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NEWS ANALYSIS : Wanted: Cool Legal Counsel for Hot Issues : Government: Ousted city attorney Robert M. Myers appears to be a tough act to follow. The city hopes to pick his successor by April.

February 07, 1993|NANCY HILL-HOLTZMAN | TIMES STAFF WRITER

SANTA MONICA — A personal ad: Seaside community recovering from messy breakup of intense attorney-client relationship seeks heaven-sent legal mate who has it all--but doesn't flaunt it--for $110,000-a-year job as city attorney. Send resume, including liberal litmus test on recycled paper, to Santa Monica City Hall.

After a decent period of mourning the loss of a uniquely symbiotic and ultimately explosive attorney-client relationship, the Santa Monica City Council has launched a search for a city attorney.

From the official job description being circulated by a professional recruiter, it looks like it will not be easy to fill Robert M. Myers' size 12 shoes.

Candidates must be willing "to expand the edges of the envelope" of the law, while maintaining a low profile on high-profile issues. They must be politically astute, but not political. They must be aggressive and independent, but also team players and closemouthed advocates.

"We want someone who will give us the straight poop, whose judgment we trust, who will not toady to us, but will do what we want," said Councilman Paul Rosenstein. "It's going to take a miracle worker to fill the bill."

Or if such a miracle worker is unavailable, it sounds like Bob Myers in a muzzle might fit the bill.

Parts of the brochure, prepared after consulting council members for their wish lists, read like the ups and downs of life with Myers, whose reign as city attorney ended in ruin last fall.

He was fired, officially for insubordination, but also because he had become a political liability to his council allies due to his resistance to a crackdown on the homeless.

Some of the council's battles with Myers were embarrassingly public. For the new attorney, the job description calls for someone willing to keep differences of opinions with the council behind closed doors.

"The council is saying, 'Give us the good parts of Bob Myers without the downsides,' " said Rich Perry, whose search firm, Hughes, Heiss & Associates, is combing the state for the perfect match for Santa Monica. "I think he's going to be tough to follow."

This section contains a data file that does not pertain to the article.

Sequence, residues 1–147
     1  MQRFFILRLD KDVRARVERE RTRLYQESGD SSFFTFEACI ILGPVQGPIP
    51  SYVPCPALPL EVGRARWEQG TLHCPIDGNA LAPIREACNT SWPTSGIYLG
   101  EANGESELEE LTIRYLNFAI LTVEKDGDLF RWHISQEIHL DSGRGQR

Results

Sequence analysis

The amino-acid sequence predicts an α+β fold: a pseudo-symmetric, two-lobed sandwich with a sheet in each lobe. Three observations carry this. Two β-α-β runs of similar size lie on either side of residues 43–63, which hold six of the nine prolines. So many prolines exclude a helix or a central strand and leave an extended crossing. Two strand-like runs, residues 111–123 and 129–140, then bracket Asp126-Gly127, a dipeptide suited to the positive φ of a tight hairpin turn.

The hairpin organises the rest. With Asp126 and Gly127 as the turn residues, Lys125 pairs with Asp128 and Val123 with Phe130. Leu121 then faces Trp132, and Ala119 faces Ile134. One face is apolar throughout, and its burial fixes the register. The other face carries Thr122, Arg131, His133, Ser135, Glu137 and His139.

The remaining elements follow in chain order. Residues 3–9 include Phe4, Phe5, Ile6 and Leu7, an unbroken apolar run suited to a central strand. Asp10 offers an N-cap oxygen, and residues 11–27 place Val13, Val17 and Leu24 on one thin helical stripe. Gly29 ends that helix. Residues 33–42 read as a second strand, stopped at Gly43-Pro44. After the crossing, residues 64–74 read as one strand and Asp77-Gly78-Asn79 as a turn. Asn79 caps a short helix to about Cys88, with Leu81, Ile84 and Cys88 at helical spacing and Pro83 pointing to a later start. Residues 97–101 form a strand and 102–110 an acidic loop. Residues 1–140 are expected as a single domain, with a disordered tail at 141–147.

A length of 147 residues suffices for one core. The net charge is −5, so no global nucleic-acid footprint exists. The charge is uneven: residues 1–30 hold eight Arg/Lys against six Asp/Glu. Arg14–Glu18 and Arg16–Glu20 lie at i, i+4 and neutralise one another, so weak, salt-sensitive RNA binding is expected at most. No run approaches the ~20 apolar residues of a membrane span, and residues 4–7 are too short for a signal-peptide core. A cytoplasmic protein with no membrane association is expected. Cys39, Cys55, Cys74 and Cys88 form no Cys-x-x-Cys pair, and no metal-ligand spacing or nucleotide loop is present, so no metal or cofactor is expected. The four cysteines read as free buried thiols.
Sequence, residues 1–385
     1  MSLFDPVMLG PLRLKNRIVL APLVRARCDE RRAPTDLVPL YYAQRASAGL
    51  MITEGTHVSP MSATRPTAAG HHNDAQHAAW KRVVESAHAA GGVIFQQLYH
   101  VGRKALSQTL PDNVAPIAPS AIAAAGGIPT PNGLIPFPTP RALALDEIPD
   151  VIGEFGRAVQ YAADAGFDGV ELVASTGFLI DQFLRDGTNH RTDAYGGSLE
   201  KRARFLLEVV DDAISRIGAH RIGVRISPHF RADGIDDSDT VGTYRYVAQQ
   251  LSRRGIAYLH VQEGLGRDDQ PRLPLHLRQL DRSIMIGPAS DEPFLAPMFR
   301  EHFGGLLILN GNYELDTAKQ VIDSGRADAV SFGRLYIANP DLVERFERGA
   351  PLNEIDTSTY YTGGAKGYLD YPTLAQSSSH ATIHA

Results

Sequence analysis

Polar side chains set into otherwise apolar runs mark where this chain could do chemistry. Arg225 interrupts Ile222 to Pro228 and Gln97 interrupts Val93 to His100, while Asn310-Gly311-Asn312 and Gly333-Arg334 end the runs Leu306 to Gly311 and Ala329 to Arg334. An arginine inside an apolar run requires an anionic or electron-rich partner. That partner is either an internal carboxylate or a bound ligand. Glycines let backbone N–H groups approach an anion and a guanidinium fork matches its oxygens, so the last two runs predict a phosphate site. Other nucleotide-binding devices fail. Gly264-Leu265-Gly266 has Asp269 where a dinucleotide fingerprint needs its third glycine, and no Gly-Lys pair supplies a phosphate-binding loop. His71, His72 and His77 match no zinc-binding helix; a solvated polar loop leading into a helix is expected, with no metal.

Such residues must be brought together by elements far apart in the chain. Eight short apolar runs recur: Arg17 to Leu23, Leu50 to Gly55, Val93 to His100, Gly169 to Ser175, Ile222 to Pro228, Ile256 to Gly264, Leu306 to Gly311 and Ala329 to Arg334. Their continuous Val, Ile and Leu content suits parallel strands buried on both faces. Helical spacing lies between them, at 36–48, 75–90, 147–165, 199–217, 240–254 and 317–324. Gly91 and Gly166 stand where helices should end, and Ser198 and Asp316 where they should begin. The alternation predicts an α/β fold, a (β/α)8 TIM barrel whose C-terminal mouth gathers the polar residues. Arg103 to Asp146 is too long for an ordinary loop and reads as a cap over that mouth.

Perry is no newcomer to the corridors of City Hall. He was the "headhunter" who brought Police Chief James T. Butts to Santa Monica.

Initially, Perry told the council that several factors, including the political climate of the city, might make the city attorney search difficult.

For instance, the council describes an ideal applicant as someone comfortable being an advocate for specific issues--housing, social programs and rent control--that are rarely high-priority matters for city attorneys in smaller California municipalities, Perry said.

"Some people absolutely have no interest at all (in the job), because the styles and values of the community are contrary to their own philosophy," Perry said. "Others are very interested."

Now, as inquiries are starting to roll in from ads, Perry said he is optimistic that he can find a good match for Santa Monica. "I'll know it when I see it," Perry said.

The first deadline for applicants is Feb. 19, with a final decision expected in April.

Council members, even the two who are not allied with the tenants' rights group that dominates city politics, share Perry's optimism that a good candidate will be found. During Myers' tenure, members of the minority often complained that the city attorney left them out of the loop.

This time, the job brochure states that the ideal candidate "treats all seven council members equally."

Until council newcomer Asha Greenberg put up a fuss, the words "public safety" were absent from the first draft of the city attorney job description, a remarkable omission in light of the furor over crime and the homeless that contributed to Myers' downfall.

Greenberg said she insisted that advocacy and experience in public safety be added because that was a key concern of Santa Monica residents.

"Santa Monica residents feel we have been deficient in that area, and the Police Department feels we have been deficient in that area," Greenberg said.

Watching on the sidelines as he works on public interest projects and contemplates his future, Myers said he found some of the council's stated job requirements to be contradictory.

"If they want a low-profile city attorney, they should abandon high-profile issues," he said.

The one requirement council members seem united on is that the new city attorney know who's boss--they are.

Mayor Judy Abdo said the council will probably have to compromise on some matters. But even if the daunting list of desired traits scares off some qualified candidates, she said, council members thought it important to make their preferences clear.

"We're a famous city with a famous city attorney, so there's a certain amount of reluctance on some people's part (to apply)," Abdo said. "But we don't want those people anyway. We want someone who will (read about the job) and say 'Wow!' "

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